A method of aligning the scanner assembly 3A′ illustrated in FIG. 7 is to activate the laser 2 such that the stationary laser beam 16′ strikes the pivotal center of the scanner 3. With the scanner 3 stationary, that is, not oscillating, the process adjustment screw 82 and the scan adjustment screw 78 are adjusted until the reflected laser beam 18 strikes the center of the first lens 4 or some other predetermined point in the laser scanning unit 1. The skew adjustment screw 74 is adjusted with the scanner 3 scanning until the reflected laser beam 18 follows a predetermined scan path 22. The adjustment of the three adjustment screws 74, 78, 82 is repeated until the desired accuracy of the reflected laser beam 18 placement in the skew 32, process 34, and scan directions 36 is achieved. In one embodiment, a paint or other fixing agent is applied to the heads of the adjustment screws 74, 78, 82 to fix the alignment and prevent changes in the alignment due to vibration and other factors.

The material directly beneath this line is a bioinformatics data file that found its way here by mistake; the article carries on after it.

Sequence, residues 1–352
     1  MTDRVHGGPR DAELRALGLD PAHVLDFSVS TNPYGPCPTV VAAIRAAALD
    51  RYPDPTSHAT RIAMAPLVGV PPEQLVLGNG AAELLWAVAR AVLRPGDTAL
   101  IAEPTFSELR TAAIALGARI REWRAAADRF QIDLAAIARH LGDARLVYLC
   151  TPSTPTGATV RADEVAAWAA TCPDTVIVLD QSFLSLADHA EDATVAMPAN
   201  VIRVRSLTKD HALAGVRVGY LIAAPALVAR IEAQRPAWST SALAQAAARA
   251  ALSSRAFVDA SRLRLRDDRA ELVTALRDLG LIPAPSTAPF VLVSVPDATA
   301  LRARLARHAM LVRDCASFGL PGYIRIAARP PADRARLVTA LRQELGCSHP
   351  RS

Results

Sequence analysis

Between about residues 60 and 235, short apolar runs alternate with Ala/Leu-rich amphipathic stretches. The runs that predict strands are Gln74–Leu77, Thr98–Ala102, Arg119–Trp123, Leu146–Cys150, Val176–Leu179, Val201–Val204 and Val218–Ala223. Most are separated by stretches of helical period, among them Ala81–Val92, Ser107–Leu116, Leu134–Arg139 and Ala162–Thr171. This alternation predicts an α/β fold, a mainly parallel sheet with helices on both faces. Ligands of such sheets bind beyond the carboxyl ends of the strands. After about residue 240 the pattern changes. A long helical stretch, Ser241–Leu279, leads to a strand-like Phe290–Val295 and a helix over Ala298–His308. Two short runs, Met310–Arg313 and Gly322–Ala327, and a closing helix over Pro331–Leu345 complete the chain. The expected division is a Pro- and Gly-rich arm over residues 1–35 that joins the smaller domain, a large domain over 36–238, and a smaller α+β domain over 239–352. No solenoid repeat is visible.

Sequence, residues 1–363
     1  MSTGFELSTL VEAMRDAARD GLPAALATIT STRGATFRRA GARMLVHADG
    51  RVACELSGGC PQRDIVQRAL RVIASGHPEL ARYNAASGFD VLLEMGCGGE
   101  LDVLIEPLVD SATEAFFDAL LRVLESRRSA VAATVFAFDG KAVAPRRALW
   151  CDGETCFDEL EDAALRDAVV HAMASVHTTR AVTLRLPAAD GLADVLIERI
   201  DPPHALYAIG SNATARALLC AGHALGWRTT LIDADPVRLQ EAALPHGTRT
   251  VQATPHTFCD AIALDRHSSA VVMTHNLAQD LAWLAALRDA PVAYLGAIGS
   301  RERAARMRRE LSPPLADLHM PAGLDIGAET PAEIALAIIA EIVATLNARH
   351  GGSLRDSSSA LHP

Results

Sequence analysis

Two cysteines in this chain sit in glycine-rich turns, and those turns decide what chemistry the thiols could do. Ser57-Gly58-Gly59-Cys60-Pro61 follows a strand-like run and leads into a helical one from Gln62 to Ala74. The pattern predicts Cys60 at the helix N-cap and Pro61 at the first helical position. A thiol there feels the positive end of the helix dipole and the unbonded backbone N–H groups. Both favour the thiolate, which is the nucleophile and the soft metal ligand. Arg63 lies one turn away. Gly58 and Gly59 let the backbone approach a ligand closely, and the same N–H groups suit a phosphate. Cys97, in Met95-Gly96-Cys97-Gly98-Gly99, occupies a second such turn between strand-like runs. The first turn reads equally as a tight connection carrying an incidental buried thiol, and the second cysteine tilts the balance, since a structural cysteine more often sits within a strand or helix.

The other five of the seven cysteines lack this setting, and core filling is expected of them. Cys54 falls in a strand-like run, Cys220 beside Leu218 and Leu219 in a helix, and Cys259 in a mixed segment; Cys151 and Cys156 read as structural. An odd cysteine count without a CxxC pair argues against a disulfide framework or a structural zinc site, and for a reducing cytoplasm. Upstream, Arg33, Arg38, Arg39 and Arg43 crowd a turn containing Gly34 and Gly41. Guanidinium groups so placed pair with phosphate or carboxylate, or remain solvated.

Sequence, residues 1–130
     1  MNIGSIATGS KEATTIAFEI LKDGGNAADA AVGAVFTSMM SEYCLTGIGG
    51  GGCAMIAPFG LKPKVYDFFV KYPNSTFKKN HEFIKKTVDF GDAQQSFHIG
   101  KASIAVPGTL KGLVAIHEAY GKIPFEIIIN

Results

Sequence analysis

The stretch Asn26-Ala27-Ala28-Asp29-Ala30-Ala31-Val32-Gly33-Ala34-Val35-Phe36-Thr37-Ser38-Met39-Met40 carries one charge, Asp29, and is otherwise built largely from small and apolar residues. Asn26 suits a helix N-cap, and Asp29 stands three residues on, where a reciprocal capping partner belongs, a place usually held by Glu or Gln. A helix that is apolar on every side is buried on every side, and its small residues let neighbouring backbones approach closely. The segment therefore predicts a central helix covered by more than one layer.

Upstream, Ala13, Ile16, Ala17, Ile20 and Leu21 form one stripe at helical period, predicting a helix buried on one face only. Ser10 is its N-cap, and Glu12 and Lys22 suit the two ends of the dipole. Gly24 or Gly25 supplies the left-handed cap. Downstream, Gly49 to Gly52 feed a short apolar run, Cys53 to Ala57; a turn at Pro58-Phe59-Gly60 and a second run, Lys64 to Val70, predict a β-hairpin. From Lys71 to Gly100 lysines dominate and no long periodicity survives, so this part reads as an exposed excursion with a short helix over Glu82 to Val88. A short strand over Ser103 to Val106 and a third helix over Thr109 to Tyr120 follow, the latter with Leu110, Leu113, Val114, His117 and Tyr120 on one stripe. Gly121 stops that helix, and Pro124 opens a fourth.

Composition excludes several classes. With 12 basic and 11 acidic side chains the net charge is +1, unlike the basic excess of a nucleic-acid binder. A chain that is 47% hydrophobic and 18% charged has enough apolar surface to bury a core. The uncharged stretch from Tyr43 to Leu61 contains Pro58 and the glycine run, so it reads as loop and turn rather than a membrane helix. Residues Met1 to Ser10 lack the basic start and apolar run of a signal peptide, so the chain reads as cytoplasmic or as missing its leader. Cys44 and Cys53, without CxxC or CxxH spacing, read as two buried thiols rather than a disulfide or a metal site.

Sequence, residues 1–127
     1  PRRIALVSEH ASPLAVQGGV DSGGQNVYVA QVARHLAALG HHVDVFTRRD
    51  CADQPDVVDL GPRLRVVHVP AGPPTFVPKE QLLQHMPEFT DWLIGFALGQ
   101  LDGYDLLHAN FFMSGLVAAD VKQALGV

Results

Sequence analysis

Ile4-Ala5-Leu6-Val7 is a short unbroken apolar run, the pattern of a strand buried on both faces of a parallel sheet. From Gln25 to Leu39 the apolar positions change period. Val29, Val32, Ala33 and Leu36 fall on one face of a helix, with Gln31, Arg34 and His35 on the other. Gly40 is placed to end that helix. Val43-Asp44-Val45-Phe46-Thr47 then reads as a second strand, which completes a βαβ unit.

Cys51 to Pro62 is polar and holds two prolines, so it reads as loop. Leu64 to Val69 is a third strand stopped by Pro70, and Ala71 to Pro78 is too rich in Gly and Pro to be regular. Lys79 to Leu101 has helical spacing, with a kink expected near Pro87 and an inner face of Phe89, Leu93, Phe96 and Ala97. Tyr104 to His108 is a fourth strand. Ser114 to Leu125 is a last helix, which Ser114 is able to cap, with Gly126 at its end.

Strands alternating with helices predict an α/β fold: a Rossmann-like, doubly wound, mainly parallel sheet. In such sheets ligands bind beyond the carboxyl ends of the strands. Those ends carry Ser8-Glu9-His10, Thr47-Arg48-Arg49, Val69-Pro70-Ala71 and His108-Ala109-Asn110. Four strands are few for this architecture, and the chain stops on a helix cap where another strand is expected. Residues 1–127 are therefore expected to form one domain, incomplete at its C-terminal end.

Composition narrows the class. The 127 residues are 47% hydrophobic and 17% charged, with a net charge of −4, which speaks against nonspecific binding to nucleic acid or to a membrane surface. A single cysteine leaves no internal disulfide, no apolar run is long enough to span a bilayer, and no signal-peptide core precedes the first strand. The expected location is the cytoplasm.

The components of the laser scanning unit 1 perform various functions. The function of securing the spherical base 54 to the socket 56 is implemented, in one embodiment, by an adhesive disposed between the outside surface of the spherical base 54 and the inside surface of the socket 56, and then curing the adhesive. In another embodiment, the function of securing is performed by a threaded member 62 extending from the spherical base 54 through an opening in the socket 56. A washer 64 and a nut 66 engages the threaded member 62, thereby clamping the socket 56 between the nut 66 and the base 54. In another such embodiment, the function of securing is performed by a threaded member, such as a bolt, passing through the opening in the socket 56 and engaging a threaded opening in the spherical base 54. In still another embodiment, the function of securing is performed by a plurality of adjustment screws 74, 78, 82 and corresponding spring members 76, 80, 84 securing the spherical base 54 within a socket, or cavity, 90.